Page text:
**BP Note: Today we have a guest post from Heidi Cullinan for her Carry the Ocean Blog Tour. She talks about the influence of the Dan Aykroyd and John Belushi movie on her character Emmet. Heidi’s also got a great giveaway happening for the tour that includes a copy of The Blues Brothers movie and a signed paperback of her book so be sure to enter at the end of her post. We have a review for Carry the Ocean posted later today, it’s a fantastic book, so come back and check out our thoughts on this first in The Roosevelt series. Enjoy Heidi’s post and good luck on the giveaway everyone!
Getting Down With the Blues
Emmet Washington’s Obsession With The Blues Brothers
in Heidi Cullinan’s Carry the Ocean
I can’t remember at what point Emmet Washington began talking about The Blues Brothers while I drafted Carry the Ocean, only that once it crept in, the references to the movie grew like Kudzu in Georgia. Which became problematic, as I’d never seen the film myself.
This isn’t the first time a character has stopped the story to make me watch a movie or a television show. Walter Lucas decreed his favorite movie was Fight Club, which was all very well, but I’d never watched it. (For the record, I’m on Team Kelly for how I felt about it.) Something about Emmet and The Blues Brothers, though, felt especially significant. So I queued up the movie and let Emmet tell me what he had to say.
It’s quite an experience to watch a movie for the first time with a character on your shoulder, driving your point of view. I don’t know that The Blues Brothers would have grabbed me much on my own, but having watched it with Emmet, every time I see it, I think of him. How I know he associates it both with his father and with learning how to interact with others. How memorizing its lines and the movements and inflections are a measure of self-comfort.
What struck me most when watching with Emmet, however, was how much he identified with Ellwood Blues. I have no idea what the creators of Ellwood intended, but man, watching with an autistic young man in my head? Ellwood really reads as on the spectrum. That, more than anything, was what made The Blues Brothers precious to Emmet. In his mind, a man like him was on the screen having a great time, being a hero, wearing sunglasses.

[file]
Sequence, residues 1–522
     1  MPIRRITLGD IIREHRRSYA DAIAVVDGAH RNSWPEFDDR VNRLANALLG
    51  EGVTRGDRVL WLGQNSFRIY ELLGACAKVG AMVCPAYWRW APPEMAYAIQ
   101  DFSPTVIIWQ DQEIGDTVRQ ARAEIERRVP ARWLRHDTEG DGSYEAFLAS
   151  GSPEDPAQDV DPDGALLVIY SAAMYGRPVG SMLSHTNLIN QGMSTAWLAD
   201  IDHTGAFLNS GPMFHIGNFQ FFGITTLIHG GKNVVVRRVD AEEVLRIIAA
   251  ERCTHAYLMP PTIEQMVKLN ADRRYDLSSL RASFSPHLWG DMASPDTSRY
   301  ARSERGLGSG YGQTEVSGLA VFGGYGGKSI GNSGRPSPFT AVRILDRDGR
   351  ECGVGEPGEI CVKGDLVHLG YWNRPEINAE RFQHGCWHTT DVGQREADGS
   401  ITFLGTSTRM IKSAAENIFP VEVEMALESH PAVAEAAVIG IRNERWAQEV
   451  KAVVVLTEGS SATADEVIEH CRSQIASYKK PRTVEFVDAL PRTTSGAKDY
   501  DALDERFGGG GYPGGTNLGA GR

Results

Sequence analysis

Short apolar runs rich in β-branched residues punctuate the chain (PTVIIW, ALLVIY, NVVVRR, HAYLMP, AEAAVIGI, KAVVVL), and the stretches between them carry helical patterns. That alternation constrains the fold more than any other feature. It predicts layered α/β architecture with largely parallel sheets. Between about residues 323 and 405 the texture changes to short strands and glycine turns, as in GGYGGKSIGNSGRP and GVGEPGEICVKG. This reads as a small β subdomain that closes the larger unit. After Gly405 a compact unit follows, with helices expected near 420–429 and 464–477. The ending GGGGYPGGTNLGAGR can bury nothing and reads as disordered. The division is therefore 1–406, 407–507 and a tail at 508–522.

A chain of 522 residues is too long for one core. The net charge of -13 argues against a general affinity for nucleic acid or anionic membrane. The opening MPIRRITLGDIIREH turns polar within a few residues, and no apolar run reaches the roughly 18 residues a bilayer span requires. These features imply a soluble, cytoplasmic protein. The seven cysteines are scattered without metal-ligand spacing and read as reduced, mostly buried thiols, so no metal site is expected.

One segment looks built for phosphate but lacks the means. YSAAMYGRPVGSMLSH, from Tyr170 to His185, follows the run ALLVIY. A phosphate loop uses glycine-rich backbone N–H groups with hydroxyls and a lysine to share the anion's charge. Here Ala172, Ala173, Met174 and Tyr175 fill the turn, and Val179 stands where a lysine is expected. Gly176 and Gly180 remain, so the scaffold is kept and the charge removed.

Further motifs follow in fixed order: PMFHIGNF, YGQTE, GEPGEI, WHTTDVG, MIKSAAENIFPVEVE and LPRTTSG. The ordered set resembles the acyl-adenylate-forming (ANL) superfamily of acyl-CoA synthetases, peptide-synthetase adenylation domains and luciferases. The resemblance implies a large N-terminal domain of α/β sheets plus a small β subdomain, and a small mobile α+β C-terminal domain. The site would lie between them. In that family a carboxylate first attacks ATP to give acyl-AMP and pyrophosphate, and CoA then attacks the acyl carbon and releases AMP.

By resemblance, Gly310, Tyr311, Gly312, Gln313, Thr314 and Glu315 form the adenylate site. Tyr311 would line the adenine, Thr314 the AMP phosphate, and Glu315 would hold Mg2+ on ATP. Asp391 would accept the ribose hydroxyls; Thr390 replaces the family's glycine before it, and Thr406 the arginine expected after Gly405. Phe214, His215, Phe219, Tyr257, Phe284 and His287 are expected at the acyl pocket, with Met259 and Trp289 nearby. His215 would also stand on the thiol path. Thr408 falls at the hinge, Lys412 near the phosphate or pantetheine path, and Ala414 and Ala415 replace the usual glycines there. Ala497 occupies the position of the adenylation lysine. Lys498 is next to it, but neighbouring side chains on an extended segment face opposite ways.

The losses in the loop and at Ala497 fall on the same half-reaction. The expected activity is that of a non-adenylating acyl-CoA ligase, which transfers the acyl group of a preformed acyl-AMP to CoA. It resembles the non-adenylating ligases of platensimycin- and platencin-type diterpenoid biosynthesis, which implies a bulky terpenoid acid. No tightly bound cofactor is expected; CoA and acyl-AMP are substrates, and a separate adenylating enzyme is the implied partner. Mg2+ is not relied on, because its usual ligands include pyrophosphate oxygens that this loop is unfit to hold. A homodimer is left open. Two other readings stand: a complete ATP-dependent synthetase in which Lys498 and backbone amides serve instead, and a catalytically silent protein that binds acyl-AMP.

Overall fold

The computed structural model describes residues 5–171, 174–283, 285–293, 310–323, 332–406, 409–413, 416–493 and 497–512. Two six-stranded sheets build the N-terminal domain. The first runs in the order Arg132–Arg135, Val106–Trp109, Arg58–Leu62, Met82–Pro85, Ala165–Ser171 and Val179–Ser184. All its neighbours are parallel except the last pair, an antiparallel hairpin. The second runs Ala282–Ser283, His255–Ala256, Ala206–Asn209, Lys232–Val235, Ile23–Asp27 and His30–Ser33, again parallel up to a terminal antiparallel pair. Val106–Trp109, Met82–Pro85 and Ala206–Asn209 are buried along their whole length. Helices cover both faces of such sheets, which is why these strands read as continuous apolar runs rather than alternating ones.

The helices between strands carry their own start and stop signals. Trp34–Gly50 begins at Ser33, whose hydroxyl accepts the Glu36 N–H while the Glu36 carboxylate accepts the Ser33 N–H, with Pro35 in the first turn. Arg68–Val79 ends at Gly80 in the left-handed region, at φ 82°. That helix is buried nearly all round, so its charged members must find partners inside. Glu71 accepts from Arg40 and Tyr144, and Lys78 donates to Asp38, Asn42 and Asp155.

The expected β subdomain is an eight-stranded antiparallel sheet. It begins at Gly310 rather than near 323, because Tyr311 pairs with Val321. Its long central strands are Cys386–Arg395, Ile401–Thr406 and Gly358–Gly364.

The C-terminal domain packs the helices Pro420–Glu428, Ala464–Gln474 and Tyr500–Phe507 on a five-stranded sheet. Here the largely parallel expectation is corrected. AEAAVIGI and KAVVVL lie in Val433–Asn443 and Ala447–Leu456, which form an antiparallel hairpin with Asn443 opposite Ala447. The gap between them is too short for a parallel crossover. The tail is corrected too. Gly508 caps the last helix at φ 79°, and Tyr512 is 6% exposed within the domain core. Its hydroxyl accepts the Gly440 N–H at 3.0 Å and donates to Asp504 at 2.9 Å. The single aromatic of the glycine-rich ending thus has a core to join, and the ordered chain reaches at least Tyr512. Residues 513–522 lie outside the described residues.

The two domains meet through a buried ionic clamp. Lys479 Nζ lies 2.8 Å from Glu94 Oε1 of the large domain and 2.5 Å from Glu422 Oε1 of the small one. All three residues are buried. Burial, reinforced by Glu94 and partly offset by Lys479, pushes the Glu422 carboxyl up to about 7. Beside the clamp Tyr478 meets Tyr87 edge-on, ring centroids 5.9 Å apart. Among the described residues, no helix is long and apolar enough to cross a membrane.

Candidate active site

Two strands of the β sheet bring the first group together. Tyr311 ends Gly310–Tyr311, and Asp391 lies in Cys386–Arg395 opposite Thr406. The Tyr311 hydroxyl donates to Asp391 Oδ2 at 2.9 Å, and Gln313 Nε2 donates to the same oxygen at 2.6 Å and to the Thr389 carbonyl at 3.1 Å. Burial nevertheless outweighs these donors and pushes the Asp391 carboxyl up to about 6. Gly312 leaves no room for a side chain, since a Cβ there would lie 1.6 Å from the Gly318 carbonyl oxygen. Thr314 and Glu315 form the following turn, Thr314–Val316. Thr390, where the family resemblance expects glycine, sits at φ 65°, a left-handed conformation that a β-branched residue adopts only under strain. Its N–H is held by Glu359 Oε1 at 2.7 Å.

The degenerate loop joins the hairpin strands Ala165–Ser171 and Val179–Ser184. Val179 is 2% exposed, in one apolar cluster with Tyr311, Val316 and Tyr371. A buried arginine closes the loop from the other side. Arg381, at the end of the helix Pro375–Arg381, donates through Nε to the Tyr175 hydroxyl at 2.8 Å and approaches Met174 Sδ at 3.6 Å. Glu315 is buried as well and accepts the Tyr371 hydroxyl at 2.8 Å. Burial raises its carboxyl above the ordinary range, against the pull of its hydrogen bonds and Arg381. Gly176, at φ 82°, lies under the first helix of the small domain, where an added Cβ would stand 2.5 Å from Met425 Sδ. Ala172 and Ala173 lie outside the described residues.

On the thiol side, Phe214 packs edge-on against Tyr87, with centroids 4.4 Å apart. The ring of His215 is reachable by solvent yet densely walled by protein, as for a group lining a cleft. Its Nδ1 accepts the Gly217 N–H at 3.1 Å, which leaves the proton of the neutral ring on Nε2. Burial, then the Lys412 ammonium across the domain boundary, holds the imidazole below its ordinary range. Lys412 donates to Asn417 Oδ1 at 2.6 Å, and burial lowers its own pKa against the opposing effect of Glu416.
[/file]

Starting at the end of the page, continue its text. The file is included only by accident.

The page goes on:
Driving a car. Let’s not forget Ellwood always drove the car.
We’re all heroes of our own stories, but we also all need heroes to follow. Someone to look up to, a model for our behavior, a companion sharing our struggles. I love that my character came with his own model, insisted so loudly I learn about his hero too. Ellwood taught me a lot about Emmet, and Emmet by his turn taught me so very many things. About him, about the world, about myself.
I let The Blues Brothers run rampant through my novel, let Emmet carry it wherever he felt it should take us both. In the end, it became I beautiful undercurrent, less a reference and more of a metaphor. You don’t need to watch the movie to understand the book. I hope, though, that if you haven’t watched it, you do once you finish reading. And I hope you take Emmet along with you.
Heidi Cullinan has always loved a good love story, provided it has a happy ending. She enjoys writing across many genres but loves above all to write happy, romantic endings for LGBT characters because there just aren’t enough of those stories out there. When Heidi isn’t writing, she enjoys cooking, reading, knitting, listening to music, and watching television with her husband and teenaged daughter. Heidi is a vocal advocate for LGBT rights and is proud to be from the first Midwestern state with full marriage equality. Find out more about Heidi, including her social networks, at www.heidicullinan.com.